AP (Advanced Placement)

bmartin at utmem1.utmem.edu bmartin at utmem1.utmem.edu
Mon Dec 1 10:03:48 EST 1997

In article <34819804.60D7 at nospamsalk.edu>, forsburg at nospamsalk.edu wrote:

> Mary Ann wrote
> > > I cannot see that a tenth grade Biology Class offered as an AP or
> > honors
> > > class which adds to the grade point is substantively educational....
> When I was in high school (early 80s), AP classes were explicitly 
> intended to be the equivalent of first year college classes.  Not
> surprisingly, you had to be a senior to take them, and you had to
> have fulfilled prerequisites...ie, no AP Biology without regular
> Biology or Chemistry, etc.   Almost no one took AP Chemistry 
> because it was so excruciatingly difficult.  
> Now, 15 years later,  high school students want lab experience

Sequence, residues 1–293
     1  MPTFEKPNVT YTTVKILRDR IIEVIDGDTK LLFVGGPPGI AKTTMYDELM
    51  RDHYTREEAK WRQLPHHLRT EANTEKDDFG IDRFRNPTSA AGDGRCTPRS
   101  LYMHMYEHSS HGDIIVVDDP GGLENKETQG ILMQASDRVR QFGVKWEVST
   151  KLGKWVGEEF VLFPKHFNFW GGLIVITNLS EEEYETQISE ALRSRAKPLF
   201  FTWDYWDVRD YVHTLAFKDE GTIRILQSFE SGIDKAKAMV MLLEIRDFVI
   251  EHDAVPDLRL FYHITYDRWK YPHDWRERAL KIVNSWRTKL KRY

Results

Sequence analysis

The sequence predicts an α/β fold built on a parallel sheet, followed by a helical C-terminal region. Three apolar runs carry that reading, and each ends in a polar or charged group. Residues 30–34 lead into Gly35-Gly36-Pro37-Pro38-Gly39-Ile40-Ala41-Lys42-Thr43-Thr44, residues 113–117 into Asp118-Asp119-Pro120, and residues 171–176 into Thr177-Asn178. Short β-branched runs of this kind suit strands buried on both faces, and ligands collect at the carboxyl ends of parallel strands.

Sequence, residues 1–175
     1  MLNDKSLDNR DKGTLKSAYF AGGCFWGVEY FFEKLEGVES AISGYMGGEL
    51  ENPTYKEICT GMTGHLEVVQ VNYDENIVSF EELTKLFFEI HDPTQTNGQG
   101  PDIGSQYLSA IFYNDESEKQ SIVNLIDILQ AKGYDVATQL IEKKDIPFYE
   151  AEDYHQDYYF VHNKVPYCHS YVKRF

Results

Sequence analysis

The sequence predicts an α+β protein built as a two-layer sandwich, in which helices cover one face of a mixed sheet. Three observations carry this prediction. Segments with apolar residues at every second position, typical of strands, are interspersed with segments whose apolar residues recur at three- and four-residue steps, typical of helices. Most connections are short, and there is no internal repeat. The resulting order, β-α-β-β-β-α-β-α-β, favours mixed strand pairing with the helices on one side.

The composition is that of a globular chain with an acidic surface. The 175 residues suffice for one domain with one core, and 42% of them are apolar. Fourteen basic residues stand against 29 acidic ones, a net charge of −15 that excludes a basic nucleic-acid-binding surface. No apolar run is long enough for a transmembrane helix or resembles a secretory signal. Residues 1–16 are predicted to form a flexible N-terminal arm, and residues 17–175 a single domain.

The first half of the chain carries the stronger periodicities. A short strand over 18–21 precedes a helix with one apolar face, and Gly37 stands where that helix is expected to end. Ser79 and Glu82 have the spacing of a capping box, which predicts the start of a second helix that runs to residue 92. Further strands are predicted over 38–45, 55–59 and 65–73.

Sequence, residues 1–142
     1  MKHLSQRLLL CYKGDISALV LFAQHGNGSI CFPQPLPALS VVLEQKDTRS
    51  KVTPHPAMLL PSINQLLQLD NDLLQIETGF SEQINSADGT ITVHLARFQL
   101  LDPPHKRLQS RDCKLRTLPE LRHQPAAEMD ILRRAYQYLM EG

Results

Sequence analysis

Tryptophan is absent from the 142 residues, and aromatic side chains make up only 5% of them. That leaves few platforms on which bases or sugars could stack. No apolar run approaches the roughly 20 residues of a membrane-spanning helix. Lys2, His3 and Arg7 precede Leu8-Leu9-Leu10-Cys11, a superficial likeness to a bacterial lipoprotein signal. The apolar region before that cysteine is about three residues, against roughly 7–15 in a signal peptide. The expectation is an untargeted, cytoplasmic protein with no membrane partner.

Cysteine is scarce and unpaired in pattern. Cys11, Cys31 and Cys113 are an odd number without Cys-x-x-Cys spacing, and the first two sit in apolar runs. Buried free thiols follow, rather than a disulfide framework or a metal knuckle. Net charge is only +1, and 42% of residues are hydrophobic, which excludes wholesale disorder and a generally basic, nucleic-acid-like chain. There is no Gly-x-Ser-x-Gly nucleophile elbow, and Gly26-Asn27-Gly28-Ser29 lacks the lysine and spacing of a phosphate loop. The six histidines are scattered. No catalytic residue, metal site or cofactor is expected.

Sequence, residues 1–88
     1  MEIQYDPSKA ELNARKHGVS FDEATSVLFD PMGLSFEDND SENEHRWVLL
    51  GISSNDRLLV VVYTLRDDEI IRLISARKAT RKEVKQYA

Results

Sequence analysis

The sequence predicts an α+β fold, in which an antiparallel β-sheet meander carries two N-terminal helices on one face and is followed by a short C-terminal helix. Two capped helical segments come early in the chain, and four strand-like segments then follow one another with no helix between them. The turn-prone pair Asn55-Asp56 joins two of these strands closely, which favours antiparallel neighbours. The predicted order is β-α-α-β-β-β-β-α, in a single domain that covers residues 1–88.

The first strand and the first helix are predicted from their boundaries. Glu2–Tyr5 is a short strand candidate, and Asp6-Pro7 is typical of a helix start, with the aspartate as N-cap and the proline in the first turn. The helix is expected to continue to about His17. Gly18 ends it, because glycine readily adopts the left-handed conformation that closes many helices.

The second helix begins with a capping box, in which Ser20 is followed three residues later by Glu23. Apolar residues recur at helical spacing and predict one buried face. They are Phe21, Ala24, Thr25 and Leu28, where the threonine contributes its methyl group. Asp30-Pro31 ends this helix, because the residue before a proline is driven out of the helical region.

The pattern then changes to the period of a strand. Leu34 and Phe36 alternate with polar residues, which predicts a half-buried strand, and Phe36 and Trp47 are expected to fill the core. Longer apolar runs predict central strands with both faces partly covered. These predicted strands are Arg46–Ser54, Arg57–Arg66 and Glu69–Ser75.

> and tell me that they took AP everything, including Biology --  
> but no way do they  comprehend even the basics like the central dogma 
> (DNA->RNA->protein).  They've managed to hit the points on the exams,
> but it hasn't sunk in. And, frankly, they should NOT be exempted from
> undergraduate biology.  MaryAnn rightly points out that this is not
> "real" AP, but degenerates into a prestige issue for the school
> and the student.  Too bad.  
> What's scary is that basic principles haven't sunk in 
> in many undergraduates I see (I don't teach undergrads, but again,
> they want to get lab experience)--maybe because of premature AP?  
> And what's absolutely terrifying is that some of these bright 
> undergrads can't figure out powers of ten or scientific 

A contributing factor to this problem are standardized exams, even such as
the PSAT and SAT.  Too many high schools teach to the exam, not the
material.  The PSAT is used for the first step toward awarding Merit
Scholarships which schools use as a selling point.  

B. Martin

Aside: This problem will get worse if Clinton's plan for a national
standardized exam is successful.

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